Most Used Phrasal Verbs With Put
Most Used Phrasal Verbs With Put

Despite the fact that the verb put means "to move to or place in", it acquires a special meaning together with some prepositions. The most commonly used phrasal verbs with the verb put are listed below.

put about

(informal) to tell a lot of people about something, especially something that is not true  
• Someone put about it that he will resign.

put aside

1. to save something, especially time or money, for a particular purpose
 He puts some money aside every month for his retirement.

2. to ignore or stop thinking about something, especially a feeling or opinion
We should put aside our differences.

put away

to put something in the place where it is usually kept
 You should put your toys away after playing.

put back

1. to cause something to happen later than originally planned
 The fire put back the completion of the project.

2. to change the time of a clock to an earlier time 
 Have you put your clock back?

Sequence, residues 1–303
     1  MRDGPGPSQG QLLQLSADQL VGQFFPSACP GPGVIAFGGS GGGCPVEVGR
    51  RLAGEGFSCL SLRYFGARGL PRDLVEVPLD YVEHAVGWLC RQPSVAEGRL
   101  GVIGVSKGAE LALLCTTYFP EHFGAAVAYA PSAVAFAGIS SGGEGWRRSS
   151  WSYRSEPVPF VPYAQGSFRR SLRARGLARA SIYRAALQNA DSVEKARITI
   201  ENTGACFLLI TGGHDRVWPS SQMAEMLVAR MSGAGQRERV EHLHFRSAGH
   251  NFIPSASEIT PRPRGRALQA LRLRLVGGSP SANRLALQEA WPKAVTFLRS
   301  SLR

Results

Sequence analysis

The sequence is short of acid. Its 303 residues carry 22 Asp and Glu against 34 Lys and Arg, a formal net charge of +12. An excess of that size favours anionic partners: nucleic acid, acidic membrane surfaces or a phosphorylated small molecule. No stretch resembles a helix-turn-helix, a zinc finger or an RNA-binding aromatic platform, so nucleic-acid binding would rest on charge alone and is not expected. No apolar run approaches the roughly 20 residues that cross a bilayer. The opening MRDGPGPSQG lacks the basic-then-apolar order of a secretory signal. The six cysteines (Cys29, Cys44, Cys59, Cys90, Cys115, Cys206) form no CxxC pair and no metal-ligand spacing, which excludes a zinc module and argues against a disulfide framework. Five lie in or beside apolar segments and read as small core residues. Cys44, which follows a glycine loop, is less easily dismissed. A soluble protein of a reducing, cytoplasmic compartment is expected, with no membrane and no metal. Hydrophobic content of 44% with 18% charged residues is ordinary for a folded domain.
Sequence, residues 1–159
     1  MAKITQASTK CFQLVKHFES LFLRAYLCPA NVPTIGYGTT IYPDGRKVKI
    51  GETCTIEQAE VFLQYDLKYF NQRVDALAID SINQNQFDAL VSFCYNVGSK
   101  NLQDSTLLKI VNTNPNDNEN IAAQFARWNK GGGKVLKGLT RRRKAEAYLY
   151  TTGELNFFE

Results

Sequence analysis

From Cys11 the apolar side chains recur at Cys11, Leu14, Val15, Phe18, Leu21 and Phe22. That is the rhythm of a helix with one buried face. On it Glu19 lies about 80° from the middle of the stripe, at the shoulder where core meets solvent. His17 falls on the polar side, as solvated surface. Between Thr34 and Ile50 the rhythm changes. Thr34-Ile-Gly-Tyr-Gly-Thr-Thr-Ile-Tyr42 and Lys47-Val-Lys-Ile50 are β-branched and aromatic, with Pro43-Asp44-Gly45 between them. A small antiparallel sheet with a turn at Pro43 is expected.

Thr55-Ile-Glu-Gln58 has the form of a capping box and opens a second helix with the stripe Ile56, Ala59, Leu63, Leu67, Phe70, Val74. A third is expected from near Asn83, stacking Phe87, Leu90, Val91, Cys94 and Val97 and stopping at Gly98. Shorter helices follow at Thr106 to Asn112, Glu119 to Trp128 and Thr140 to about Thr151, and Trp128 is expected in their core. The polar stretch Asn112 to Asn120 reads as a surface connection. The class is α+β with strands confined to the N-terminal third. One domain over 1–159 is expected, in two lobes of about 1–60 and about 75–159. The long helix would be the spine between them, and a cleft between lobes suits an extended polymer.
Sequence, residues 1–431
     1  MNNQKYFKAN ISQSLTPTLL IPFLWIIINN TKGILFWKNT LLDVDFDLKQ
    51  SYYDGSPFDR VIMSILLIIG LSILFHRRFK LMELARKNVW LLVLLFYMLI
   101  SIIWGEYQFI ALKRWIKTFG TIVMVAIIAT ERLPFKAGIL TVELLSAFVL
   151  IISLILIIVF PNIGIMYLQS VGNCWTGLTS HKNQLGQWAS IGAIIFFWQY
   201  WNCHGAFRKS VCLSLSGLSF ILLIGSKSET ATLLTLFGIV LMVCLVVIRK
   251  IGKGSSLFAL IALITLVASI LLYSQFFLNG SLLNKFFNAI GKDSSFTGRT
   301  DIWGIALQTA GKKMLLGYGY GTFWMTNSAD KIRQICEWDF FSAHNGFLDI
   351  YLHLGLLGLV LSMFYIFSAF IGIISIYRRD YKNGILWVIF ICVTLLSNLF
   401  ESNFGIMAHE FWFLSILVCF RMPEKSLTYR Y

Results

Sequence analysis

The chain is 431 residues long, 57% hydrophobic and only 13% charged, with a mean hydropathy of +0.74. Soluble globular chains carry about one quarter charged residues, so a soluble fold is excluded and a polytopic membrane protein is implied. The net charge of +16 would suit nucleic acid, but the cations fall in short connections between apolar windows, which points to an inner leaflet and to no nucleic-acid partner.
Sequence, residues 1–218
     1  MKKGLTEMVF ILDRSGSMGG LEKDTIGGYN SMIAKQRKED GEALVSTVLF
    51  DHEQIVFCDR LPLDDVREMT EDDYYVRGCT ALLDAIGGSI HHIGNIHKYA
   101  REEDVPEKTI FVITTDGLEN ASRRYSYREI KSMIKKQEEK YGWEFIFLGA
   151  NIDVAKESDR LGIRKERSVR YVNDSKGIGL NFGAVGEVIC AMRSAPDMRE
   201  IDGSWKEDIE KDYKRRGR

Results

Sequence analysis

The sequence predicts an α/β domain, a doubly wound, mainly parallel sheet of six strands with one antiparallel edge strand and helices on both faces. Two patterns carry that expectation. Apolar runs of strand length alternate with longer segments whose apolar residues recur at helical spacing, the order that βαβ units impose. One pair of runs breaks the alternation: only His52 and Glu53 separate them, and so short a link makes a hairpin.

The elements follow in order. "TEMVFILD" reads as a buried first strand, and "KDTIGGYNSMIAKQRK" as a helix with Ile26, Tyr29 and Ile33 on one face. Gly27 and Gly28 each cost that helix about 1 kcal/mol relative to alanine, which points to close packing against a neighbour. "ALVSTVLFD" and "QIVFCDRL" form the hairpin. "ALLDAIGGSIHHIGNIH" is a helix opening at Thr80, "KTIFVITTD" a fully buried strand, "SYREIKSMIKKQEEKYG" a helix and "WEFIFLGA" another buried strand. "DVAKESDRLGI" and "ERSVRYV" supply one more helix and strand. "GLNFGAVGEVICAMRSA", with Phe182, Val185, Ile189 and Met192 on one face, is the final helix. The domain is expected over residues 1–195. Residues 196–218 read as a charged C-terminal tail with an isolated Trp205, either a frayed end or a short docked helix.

put down

1. to stop or end something by force 
 The army hardly put down the rebellion.

2. (of an aircraft) to land 
 The pilot had to put down the plane in a field.

put forward

to suggest something for consideration
 He put forward a proposal at the meeting.

put off

to change something to a later time or date
 We’ve put off the trip until September.

put on

1. to dress yourself in something
 She put on a white dress.

2. to apply something to your skin, face, etc.
 She put on make-up.

3. to become heavier
 I have put on several kilos recently.

put out

to stop something from burning or shining
 The firefighters quickly put out the fire.

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